Over the last ten years, massive investment by companies has led to a rapid development in broadband services. In 1997 less than 10% of the population had ever used the Internet. By the end of last year, 70% of the population were Internet users and more than half of homes had broadband.
As businesses and consumers increasingly demand a more powerful and seamless broadband experience, the next decade could see technology develop at just as fast a rate. The Government is committed to helping to ensure that companies are able to continue to build on the UK's world-leading position.
Government will consider the report's findings and respond in due course.
Notes for Editors
1. Francesco Caio's report: "The next phase of broadband UK; action now for long term success" is available at http://www.berr.gov.uk
2. Francesco Caio is a vice chairman of Lehman Brothers Europe. He is also chairman of the European Advisory Board. Francesco joined the Firm in September 2006. Prior to this, he was chief executive officer of Cable & Wireless from 2003. In 2000, he founded Netscalibur, the European business telecommunications and internet service provider, and from 1997 to 2000, was chief executive of Merloni Elettrodomestici, one of the European leaders in domestic appliances. In 1996, he was appointed chief executive of Olivetti having previously led its telecommunications and multimedia divisions. Francesco led the creation of Omnitel Pronto, Italy's second largest mobile phone company before its acquisition by Vodafone, and was its first chief executive officer from 1994 to 1996. He has also worked at McKinsey in London as a consultant for the technology, telecommunications and media industries. Francesco is a member of the International Advisory Board of Bocconi University in Milan. He has been a non-executive director of a number of public companies including Equant in Amsterdam (1998-2000), Merloni Elettrodomestici in Fabriano (Italy, 2000-2004) and Motorola Corporation in Chicago (2000-2003), where he was also a member of the Technology and Innovation Board Committee.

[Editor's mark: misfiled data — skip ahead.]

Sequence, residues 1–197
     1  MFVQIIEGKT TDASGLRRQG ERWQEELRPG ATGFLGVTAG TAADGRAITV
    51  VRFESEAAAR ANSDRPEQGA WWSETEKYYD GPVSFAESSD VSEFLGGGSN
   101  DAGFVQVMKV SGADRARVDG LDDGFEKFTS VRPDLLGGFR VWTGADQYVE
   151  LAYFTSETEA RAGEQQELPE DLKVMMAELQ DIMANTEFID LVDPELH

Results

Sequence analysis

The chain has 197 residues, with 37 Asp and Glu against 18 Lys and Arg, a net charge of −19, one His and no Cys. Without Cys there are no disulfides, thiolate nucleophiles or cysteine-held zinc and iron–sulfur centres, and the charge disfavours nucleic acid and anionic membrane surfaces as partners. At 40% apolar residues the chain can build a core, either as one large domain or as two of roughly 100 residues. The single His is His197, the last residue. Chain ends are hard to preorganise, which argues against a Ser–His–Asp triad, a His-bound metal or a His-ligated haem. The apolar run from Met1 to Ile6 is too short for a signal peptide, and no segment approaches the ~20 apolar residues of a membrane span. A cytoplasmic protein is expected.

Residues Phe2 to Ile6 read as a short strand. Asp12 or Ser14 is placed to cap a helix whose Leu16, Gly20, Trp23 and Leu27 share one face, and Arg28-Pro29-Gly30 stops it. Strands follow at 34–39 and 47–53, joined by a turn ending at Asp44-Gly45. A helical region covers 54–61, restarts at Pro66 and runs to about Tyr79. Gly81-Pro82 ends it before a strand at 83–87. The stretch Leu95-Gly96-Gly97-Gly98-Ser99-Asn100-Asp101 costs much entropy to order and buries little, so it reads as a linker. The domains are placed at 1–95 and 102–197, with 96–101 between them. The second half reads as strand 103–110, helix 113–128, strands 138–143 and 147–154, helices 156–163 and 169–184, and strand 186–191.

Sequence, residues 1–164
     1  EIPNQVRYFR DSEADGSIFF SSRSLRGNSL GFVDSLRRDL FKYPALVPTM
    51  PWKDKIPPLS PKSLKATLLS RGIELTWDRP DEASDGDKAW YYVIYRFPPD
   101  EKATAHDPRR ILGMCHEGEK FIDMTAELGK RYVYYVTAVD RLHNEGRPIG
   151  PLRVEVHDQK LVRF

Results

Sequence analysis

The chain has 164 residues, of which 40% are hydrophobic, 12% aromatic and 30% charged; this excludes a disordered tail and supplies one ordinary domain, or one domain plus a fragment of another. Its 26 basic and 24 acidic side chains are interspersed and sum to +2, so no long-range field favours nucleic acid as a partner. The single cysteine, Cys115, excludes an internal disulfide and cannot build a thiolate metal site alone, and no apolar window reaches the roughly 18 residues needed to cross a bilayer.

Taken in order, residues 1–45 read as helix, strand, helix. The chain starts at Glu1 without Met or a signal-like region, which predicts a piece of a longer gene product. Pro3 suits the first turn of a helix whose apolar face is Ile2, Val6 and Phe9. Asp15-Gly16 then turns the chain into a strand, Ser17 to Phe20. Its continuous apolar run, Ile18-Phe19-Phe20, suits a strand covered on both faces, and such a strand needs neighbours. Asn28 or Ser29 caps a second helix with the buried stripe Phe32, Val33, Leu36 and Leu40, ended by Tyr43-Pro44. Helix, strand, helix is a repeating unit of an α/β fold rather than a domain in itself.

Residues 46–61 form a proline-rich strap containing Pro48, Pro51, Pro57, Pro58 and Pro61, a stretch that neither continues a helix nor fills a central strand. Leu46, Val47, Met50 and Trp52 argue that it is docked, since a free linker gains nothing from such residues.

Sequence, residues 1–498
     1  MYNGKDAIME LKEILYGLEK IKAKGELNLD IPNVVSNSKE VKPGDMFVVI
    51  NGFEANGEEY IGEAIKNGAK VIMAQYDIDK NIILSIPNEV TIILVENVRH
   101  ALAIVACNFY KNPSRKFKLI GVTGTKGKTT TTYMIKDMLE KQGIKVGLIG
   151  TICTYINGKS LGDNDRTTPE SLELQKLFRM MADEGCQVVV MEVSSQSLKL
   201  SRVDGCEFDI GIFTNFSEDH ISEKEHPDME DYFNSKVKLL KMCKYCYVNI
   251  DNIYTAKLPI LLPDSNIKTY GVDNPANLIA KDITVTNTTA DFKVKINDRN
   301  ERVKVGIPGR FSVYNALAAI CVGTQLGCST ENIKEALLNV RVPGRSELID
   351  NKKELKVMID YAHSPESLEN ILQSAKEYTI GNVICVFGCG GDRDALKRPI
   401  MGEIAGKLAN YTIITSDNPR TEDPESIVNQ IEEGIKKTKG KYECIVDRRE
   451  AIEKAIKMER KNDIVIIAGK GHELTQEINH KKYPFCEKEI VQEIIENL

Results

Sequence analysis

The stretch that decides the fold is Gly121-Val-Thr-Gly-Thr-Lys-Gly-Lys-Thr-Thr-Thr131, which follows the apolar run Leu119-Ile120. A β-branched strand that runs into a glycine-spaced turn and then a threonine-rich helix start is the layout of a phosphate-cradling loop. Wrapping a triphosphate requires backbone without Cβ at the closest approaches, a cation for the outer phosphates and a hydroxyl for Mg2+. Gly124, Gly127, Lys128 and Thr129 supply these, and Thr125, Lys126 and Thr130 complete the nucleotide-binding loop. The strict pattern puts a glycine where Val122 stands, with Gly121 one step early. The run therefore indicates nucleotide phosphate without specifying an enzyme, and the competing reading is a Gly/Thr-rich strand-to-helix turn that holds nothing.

3. Users spend an average of 34.4 hours online per month, at home or work, compared to an average of 24 hours in Europe and 31.4 hours in the US.
4. The UK has the largest online retail market in Europe, with sales worth £46.6bn in 2007, comprising 15% of overall retail sales.
5. The UK also has the highest level of internet advertising per head in the G7, and internet advertising spend in the UK makes up a far higher proportion of total advertising spend compared to other G7 countries.
6. Consumers are using more online services as part of their everyday lives; according to APACS; for example, 21m UK consumers currently use online banking.
7. In parallel to commissioning Francesco Caio's review, the Broadband Stakeholders Group was asked to examine the economics of fibre deployment, specifically whether deployment of fibre to the premises will be viable without a first-step of deploying fibre to the cabinet. A copy of the report is available at:http://www.broadbanduk.org.
8. The Broadband Stakeholder Group is the UK government's leading advisory group on broadband and was established in 2001 to tackle the strategic issues affecting the broadband value chain by facilitating cross-sector collaboration. More recently, the BSG has focused on the debate surrounding next generation broadband in the UK. Its aim, between 2007- 2009, is to work with stakeholders to create the right conditions in the UK to enable efficient investment in next generation broadband services and to ensure their timely and widespread availability for the benefit of UK citizens, businesses and public sector.
9. The Department for Business Enterprise and Regulatory Reform helps UK business succeed in an increasingly competitive world. It promotes business growth and a strong enterprise economy, leads the better regulation agenda and champions free and fair markets. It is the shareholder in a number of Government-owned assets and it works to secure, clean and competitively priced energy supplies.